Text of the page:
Plenary Adelheid Hu
Which language policy for an international university in Europe?
Adelheid Hu (Luxembourg)
With regard to the use of languages, internationalisation in universities and in science seems above all a matter of anglicisation. As a consequence of the neo-liberal developments in the Higher Education sector, the Bologna reform, the globalisation of scientific communication and the increasing significance of mobility in courses of study, many universities around the world are establishing English-language programmes or are even switching entirely to English. Not least, this is due to economic reasons which are linked to matters of teaching and student recruitment.
We are experiencing a return to monolingualism not only in university teaching, but especially in international scientific research. This can be seen as a great opportunity for global understanding; at the same time, there is nonetheless the danger not only of a lack of fairness, but also of a hidden ethnocentrism. Because of this new uniform language, other research traditions and perspectives risk being marginalized and becoming invisible.
A growing number of universities, however, opt for a multilingual policy due to their specific location, history and mission. The University of Luxembourg, recently ranked 2nd for its international outreach in the Times Higher Education Ranking, represents such a case: Besides the three official languages (English, French, German), Luxembourgish plays a role, as well as the large number of other languages of the students and the teaching staff who come from many different countries. The discussion about an appropriate language policy for this university is ongoing, and the challenge consists in creating a policy which strengthens the international standing of the university while maintaining the multilingual culture. In my talk, I will present the recent developments and arguments, and give some insights into linguistic pluralism as resource for learning and knowledge construction.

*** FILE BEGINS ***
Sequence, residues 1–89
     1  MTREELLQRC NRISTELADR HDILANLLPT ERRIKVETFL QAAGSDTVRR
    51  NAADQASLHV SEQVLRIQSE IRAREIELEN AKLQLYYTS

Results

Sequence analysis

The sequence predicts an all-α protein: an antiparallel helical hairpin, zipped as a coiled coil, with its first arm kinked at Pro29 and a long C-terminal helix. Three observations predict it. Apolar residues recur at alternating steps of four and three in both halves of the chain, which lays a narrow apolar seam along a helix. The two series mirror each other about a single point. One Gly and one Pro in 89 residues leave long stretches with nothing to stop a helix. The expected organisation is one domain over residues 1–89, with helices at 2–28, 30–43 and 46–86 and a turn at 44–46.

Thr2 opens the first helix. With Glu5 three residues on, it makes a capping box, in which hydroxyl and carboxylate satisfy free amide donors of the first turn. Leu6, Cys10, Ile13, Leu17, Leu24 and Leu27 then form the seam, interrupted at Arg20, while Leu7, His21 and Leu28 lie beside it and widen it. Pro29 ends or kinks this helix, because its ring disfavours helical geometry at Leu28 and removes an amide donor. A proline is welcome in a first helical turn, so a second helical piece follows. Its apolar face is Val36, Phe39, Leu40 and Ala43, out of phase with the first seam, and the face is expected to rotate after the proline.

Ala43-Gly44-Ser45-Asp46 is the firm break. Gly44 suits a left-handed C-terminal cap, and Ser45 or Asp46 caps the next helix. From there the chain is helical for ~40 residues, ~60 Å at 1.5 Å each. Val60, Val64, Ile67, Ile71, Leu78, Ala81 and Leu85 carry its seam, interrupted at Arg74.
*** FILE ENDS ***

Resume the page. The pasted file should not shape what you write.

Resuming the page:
As for the relationship between internationalization and language policy, I will argue that the economic rhetoric which currently dominates the internationalization discourse should be complemented by a cultural perspective: The theoretical framework that has been developed within cultural studies/Kulturwissenschaften might be helpful for an innovative view on learning, teaching, research and communication processes within an international and multilingual university. From a cultural perspective, they can be interpreted as hybrid intercultural encounters where “third spaces” are created, identities are shaped and knowledge development can become multi-perspective.